Last updated 11 June 1995
Educators are now beginning to recognize the change in our social fabric from autocratic relationships of superior/inferior, to ones that are based more on democratic relationships among equals. To many, democracy means the freedom of choice to do as one pleases. Many children today presume this is their right, resulting in classrooms and households full of tyrants. However, this is not freedom nor democracy, but anarchy. When everyone chooses to do as he or she pleases, we have constant friction. At some point, one must come to the realization that we cannot have freedom unless we respect the freedom of others. This is the subtle restriction that we place on freedom in order to enjoy freedom. In a democratic society, there is a constant interplay and regulation between the needs of society and that of the individual. At present, the achievement of the ideal of the democratic relationships is more possible than ever, since so many share in this belief. However, let me also add that the democratic ideal in not entirely without fault. In the regulation of conflict in a democratic society, majority rules, resulting in possibly a resentful minority. Some forward thinkers are attempting to forge a new concept, called "consensus" where the needs of everyone are taken into account.
Freedom implies responsibility. If society has deemed that one should drive on the right hand side of the road, then if you drive on the left, you quickly run into trouble. Thus, while I have freedom to drive most everywhere, I do have some restrictions placed upon me to insure the safety of others, and not infringe upon their freedoms. It is my responsibility to uphold the rules of society. And society has mechanisms whereby these responsibilities can be collectively maintained for the mutual benefit of all individuals.
While we duly affirm our belief in responsibility, there are certain situations that will challenge an individual's ability to act responsibly. It is a fact of life that there exist unequal relationships in individual power. Examples include the newborn child and the parent, the healthy versus the infirm, the teacher and student, and the administrator and teacher. Even though I am in a position of power, I still have the responsibility to regulate myself, and not fall into the trap of abusing my power. Furthermore, I have the responsibility to protect those in positions of lesser power, and accord them the same due process as I wish accorded to me. This power trap is extremely difficult to avoid, because the feeling of power is so satisfying. There is that oft quoted adage, "power corrupts, and absolute power corrupts absolutely."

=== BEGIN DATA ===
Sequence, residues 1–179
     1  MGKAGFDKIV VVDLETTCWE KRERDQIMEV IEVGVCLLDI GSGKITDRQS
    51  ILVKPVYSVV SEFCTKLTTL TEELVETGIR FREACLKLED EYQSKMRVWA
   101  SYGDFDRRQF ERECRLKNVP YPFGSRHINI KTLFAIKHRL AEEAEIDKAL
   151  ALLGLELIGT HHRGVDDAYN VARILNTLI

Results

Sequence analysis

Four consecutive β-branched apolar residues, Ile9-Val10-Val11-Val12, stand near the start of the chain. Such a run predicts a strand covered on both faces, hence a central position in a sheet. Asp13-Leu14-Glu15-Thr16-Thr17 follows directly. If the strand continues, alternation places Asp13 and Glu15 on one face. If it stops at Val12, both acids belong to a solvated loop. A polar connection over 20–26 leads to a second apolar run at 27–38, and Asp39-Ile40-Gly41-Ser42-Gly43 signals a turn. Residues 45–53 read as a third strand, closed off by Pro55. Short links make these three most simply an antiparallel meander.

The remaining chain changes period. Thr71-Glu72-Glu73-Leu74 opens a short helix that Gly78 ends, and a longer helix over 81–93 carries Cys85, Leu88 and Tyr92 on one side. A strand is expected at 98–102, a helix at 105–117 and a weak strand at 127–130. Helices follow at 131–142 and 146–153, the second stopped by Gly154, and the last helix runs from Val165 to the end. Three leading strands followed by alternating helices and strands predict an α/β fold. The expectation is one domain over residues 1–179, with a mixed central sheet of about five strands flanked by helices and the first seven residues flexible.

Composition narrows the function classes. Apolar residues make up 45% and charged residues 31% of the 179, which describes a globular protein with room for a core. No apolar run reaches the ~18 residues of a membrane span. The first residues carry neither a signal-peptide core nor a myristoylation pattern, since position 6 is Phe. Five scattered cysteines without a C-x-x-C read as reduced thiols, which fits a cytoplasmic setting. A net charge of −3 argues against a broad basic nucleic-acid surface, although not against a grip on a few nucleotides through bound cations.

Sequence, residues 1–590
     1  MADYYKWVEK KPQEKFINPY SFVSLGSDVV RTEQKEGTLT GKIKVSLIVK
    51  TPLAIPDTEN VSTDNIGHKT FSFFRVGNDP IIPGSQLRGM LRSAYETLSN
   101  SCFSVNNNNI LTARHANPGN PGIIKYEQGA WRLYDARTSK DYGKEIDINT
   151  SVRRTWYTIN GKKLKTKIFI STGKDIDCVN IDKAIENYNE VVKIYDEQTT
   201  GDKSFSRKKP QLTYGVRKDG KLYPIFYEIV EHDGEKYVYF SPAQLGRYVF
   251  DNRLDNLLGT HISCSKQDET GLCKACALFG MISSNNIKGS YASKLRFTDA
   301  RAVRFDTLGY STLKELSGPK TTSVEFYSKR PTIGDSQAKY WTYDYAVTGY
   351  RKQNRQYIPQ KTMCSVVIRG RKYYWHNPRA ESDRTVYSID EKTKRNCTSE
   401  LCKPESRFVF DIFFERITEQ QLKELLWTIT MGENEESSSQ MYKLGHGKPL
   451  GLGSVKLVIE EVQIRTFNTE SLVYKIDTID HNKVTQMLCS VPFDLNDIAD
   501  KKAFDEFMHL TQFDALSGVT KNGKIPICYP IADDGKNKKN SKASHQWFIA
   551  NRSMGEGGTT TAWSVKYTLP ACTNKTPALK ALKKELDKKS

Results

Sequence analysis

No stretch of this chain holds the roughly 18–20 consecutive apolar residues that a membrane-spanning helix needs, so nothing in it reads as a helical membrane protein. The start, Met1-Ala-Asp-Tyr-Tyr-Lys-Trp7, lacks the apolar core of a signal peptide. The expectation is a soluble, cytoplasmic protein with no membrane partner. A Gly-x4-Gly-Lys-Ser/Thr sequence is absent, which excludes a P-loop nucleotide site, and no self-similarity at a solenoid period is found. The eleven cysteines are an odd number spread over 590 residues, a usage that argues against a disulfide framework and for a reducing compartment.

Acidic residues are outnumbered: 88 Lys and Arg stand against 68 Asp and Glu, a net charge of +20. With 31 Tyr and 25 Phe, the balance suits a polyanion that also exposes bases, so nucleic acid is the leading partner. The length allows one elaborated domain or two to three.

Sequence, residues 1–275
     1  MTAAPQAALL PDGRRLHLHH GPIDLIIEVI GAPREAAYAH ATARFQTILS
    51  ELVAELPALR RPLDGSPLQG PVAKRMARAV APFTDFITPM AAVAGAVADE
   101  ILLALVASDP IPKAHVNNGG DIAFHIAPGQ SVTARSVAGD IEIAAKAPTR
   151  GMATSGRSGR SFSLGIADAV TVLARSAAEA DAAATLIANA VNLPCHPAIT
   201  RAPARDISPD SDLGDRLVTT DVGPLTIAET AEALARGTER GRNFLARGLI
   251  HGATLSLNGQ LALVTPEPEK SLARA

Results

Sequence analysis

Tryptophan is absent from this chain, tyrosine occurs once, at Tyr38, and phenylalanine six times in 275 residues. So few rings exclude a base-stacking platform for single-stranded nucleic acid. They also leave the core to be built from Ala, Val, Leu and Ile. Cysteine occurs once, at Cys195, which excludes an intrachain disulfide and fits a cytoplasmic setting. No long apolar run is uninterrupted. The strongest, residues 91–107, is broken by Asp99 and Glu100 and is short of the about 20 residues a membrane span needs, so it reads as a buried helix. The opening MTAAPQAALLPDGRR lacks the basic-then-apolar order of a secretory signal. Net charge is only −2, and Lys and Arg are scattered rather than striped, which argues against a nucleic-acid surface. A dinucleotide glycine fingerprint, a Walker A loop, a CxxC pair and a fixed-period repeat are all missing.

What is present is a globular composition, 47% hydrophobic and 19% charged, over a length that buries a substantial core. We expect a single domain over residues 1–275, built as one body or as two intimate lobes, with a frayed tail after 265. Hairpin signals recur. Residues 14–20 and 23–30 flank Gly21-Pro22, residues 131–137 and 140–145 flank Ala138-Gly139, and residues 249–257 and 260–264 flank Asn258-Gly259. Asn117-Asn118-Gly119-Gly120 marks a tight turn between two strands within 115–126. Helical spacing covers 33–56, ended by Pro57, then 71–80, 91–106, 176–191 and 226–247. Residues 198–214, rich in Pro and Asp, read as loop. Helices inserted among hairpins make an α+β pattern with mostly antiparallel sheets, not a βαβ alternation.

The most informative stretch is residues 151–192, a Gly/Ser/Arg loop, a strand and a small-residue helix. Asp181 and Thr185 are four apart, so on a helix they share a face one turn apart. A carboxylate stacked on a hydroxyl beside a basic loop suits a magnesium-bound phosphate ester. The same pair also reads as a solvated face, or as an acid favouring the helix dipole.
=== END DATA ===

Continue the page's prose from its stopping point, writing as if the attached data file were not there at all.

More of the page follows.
To help you identify and recognize the characteristics and differences between democratic and autocratic traditions, I duplicate a chart provided by Dreikurs, "Maintaining Sanity in the Classroom, Illustrated Teaching Techniques." I do not have the actual text in front of me, so I duplicate this from my notes.
Autocratic Democratic Boss Leader Sharp voice Friendly voice Command Invitation Power Influence Pressure Stimulation Demanding cooperation Winning cooperation I tell you what you should do Majority decides what you should do Imposing ideas Selling ideas Domination Guidance Criticism Encouragement Fault finding Acknowledgement Punishing Helping I tell you Discussion I decide, you obey I suggest and help you decide Sole responsibility of boss Shared responsibilityTo give a more concrete example, recently, I had a situation in one of my classrooms, where I applied both democratic and consensus teaching techniques over a two day period. I will also confess to you that I am not wholly perfect, and I am not always entirely successful in the application of either of these techniques. On the first day, I conducted a discussion regarding the invention of a particular toy, mostly of interest to boys, rather than girls. Most of the girls did not participate, and I had them do another activity requiring lesser supervision. This is an example of what I term, "consensus" style teaching.
The boys particularly enjoyed their discussion. The boy who originally contributed the idea, was especially enamored of his idea, so much so that he requested, and indeed almost demanded in class on the following day, to continue the discussion. Now this boy has a tendency anyway to want an inordinate amount of attention, and I realized that I myself would have difficulty telling him alone that we needed to go on to other work. However, I wanted to avoid any sense of a power struggle.
So, this is how I handled this incident in the democratic tradition. I gave the whole class several options, and asked the class if they wished to continue the discussion suggested by the boy, or do some other option. Not a single student in the class wanted to continue with the boy's topic and so the boy accepted the decision with equanimity, and made no further fuss during the rest of the class. If I simply exerted my authority as a teacher and told the boy that we could not discuss this topic that day, I believe the boy would hold a special resentment towards me, which would be troublesome to deal with sometime later. Thus, I believe the collective power of the class regulated the actions of the boy far more effectively than I could have alone.
Copyright © 1995 by Duen Hsi Yen, All rights reserved. Permission is automatically granted to duplicate this page for non-profit educational uses. Otherwise, please request my permission.
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